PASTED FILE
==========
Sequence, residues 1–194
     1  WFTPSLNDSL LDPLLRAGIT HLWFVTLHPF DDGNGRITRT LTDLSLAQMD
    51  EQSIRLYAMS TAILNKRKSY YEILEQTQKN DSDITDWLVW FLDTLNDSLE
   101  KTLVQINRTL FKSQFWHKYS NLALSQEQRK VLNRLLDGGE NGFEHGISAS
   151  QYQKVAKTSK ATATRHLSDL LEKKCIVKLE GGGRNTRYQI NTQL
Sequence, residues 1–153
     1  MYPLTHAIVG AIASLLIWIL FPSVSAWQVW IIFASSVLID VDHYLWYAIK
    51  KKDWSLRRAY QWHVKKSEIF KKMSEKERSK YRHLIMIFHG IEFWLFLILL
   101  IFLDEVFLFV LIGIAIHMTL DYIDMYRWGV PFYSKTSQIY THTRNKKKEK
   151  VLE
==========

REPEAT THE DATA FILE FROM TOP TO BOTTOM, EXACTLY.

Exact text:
Sequence, residues 1–194
     1  WFTPSLNDSL LDPLLRAGIT HLWFVTLHPF DDGNGRITRT LTDLSLAQMD
    51  EQSIRLYAMS TAILNKRKSY YEILEQTQKN DSDITDWLVW FLDTLNDSLE
   101  KTLVQINRTL FKSQFWHKYS NLALSQEQRK VLNRLLDGGE NGFEHGISAS
   151  QYQKVAKTSK ATATRHLSDL LEKKCIVKLE GGGRNTRYQI NTQL
Sequence, residues 1–153
     1  MYPLTHAIVG AIASLLIWIL FPSVSAWQVW IIFASSVLID VDHYLWYAIK
    51  KKDWSLRRAY QWHVKKSEIF KKMSEKERSK YRHLIMIFHG IEFWLFLILL
   101  IFLDEVFLFV LIGIAIHMTL DYIDMYRWGV PFYSKTSQIY THTRNKKKEK
   151  VLE